The Masterpiece (Romans 1:20) – Austin Gonzales

At last, the Artist had finished laboring. He took a step back and surveyed His work. Completely satisfied, He said, “It is very good,” then He rested for a day (Gen. 1:31-2:2). Within this masterpiece are many smaller works – each one a masterpiece in its own right. I am one of those privileged to observe some of these every day, as the Artist
continually touches-up and cares for them. Some of my favorites are “Water,” “Flora and Fauna,” “Sky,”

“Chemistry,” and “Music.” “Chemistry” is the medium that the Artist uses to mold his masterpiece. Within “Chemistry,” I consider Elements, which struggle together as small teams cooperating and building upon each other to construct the entirety of the vast masterpiece, as the Artist directs (1 Cor. 12:12-31). I also observe Fire, which He uses to refine various parts of His masterpiece – eradicating great stains and smears through much toil and patience, as well as strengthening the mold (1 Pet. 1:6-7).

“Flora and Fauna” illustrates the delicacy of the masterpiece. From this we can see how such art owes its existence to its Creator and to the Person who preserves it and cares for it. It is a beautiful creation – filled with untold complexity and variety that give us just a taste of how intelligent and wise the Maker of this masterpiece must be (Rom. 11:33-36). Moreover; through examining the intricacies of the relationships between “Flora and Fauna” set pieces, we discover amazing jewels like care and protection (Matt. 6:25-34).

“Sky” makes use of the Artist’s full palette of colors, patterns, and lighting. The dominant feature – Weather – is a constantly changing canvas. Weather portrays, at times, immense power. At other times it portrays peace, or anything else in-between (Mark 4:35-41). Another feature is Sunrise, sometimes called Sunset. Sunrise is a live exhibition portraying the Artist’s emotions in color. This fascinating display of emotion continually changes as each moment passes. But even when it disappears from view, it’s still there – bleeding, growing, mourning, smiling. Though many parts of the masterpiece fade away after a time, Sunrise never ceases to be. It is at the Beginning and, as Sunset, it is at the End of the masterpiece (Rev. 22:13).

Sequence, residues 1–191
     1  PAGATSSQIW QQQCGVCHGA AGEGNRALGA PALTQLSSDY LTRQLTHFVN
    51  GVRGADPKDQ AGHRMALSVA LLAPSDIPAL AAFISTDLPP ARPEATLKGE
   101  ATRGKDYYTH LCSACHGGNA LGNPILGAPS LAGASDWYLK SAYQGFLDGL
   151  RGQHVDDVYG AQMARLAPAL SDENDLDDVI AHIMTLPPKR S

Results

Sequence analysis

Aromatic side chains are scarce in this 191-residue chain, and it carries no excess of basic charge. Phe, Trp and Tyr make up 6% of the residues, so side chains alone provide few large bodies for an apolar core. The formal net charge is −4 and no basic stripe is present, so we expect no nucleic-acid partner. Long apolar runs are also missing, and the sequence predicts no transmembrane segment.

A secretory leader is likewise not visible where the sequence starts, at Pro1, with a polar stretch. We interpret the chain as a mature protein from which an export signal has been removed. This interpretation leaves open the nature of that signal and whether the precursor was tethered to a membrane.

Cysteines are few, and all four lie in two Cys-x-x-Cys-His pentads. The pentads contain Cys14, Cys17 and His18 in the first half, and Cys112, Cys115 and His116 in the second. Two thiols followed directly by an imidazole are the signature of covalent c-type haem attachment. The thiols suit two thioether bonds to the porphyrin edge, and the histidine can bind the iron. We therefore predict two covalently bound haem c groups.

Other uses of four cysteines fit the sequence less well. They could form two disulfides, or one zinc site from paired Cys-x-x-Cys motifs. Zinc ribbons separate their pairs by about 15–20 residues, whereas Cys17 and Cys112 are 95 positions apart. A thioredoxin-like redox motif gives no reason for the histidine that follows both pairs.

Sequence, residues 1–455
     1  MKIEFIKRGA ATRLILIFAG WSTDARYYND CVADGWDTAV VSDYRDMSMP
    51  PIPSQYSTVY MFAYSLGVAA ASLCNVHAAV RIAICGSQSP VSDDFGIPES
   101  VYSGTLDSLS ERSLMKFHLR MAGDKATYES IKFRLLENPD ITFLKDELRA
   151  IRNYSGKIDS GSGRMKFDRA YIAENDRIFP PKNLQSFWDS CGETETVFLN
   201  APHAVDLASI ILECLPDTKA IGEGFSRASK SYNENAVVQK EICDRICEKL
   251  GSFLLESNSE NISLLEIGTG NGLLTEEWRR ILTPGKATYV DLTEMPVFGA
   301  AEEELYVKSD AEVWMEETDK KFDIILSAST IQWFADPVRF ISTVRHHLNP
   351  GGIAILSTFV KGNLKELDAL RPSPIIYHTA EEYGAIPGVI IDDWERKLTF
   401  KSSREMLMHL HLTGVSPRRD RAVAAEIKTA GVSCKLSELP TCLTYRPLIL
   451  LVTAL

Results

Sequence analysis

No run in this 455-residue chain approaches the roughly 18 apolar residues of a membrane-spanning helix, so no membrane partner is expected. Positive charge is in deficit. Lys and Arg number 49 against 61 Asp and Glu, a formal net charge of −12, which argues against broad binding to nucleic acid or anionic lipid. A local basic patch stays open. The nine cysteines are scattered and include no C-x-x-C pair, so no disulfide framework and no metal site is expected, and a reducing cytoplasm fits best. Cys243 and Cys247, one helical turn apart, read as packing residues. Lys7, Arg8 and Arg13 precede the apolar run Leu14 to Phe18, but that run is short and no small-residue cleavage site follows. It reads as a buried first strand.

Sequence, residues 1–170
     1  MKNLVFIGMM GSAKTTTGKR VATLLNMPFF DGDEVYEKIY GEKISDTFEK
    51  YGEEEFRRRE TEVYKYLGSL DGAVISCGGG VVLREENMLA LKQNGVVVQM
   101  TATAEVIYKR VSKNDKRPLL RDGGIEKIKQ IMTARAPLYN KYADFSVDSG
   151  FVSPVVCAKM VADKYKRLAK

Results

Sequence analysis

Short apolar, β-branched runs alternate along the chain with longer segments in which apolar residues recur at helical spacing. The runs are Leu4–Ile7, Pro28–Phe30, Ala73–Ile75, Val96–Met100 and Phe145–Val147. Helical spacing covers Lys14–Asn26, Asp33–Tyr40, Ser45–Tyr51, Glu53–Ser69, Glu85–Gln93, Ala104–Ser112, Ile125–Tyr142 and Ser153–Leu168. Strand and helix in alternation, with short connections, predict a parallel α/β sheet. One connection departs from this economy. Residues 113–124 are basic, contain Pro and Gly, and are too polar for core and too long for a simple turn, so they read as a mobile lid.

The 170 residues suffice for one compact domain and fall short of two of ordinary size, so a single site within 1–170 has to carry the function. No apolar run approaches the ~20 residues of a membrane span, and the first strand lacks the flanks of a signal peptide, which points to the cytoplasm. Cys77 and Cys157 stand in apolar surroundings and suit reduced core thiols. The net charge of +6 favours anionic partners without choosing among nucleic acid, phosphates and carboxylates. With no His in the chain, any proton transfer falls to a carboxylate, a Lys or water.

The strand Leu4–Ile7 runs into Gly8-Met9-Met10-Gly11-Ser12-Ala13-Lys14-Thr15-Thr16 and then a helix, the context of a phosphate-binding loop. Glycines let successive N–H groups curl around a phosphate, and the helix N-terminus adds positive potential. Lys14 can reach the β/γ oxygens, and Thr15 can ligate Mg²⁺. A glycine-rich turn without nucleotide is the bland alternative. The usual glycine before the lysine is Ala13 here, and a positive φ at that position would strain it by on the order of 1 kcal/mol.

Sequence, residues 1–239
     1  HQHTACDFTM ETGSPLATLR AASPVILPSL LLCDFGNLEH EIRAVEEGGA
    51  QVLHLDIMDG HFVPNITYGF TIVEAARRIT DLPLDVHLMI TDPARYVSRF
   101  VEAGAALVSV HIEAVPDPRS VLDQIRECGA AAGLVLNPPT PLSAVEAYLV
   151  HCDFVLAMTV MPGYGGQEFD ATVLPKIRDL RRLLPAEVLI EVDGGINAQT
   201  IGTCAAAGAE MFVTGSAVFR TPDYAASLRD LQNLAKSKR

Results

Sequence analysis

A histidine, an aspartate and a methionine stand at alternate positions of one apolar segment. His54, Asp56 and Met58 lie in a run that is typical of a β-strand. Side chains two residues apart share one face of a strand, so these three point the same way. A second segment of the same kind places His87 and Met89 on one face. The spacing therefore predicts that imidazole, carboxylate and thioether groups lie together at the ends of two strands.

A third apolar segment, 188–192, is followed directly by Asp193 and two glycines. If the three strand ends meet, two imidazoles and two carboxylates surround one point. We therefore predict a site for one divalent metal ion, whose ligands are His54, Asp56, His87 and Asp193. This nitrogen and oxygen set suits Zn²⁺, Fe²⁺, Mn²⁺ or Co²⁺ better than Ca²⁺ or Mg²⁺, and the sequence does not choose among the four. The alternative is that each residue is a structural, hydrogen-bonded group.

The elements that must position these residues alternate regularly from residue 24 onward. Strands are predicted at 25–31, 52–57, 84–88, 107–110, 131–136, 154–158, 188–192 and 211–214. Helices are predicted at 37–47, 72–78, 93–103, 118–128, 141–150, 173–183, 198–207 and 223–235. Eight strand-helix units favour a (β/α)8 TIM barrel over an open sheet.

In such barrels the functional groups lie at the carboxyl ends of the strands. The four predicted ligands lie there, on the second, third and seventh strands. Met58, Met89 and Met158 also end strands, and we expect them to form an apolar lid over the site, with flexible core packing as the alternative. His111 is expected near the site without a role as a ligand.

“Water” is the shading technique that connects all of these masterpieces to each other in a pure hue. It sometimes acts as an eraser – cleansing and shaping the foundations for the masterpiece. At other times, it gives life to the masterpiece (John 3:5; 4:13-14): “Sky,” “Chemistry,” and especially “Flora and Fauna,” could not be what they are without “Water”, and wherever “Water” is not, there is instead a blemishing agent called Death.

“For the invisible things of him, that is, his eternal power and Godhead, are seen by the creation of the world, being considered in his works, to the intent that they [men] should be without excuse:” (1599 Geneva Bible) (Brackets added for clarification, based on context)

Art is a way of expressing oneself. The Artist desired to express Himself – His personality – to His masterpiece. So through art, as well, we can see the personality of this master Artist displayed. Through music, we can see harmony – the idea of multiple parts working together as a whole – much like Elements. Through smithing and pottery, we can see His method of refining and strengthening through toil and pain – much like Fire. Through score composition and architecture, we can learn about the mathematics, complexities, and other such evidences of this Artist’s intelligence – much like “Flora and Fauna.” By studying colors, patterns, and lighting – as seen in “Sky,” we can learn a great deal about sin and righteousness (1 John 1:5-10), and about human emotion, a gift bestowed by the Artist upon His portrait “The Likeness of His Image” (Gen. 1:26-27).

Even in the use of our cleaning materials when the work is done we can observe the pure, cleansing nature of the Artist – like that of “Water.” We can observe how they may be used to both erase and create, to make the artwork exactly what the Artist wants (2 Cor. 5:21). Even more; we can observe how, without the proper cleansing Agent, the art may remain blemished or covered up, but never restored – much like those marked by sin, for Death. The Artist can only use the proper cleansing Agent to restore that precious gift of Life to His portrait and make it again, truly, “The Likeness of His Image” (John 14:6).

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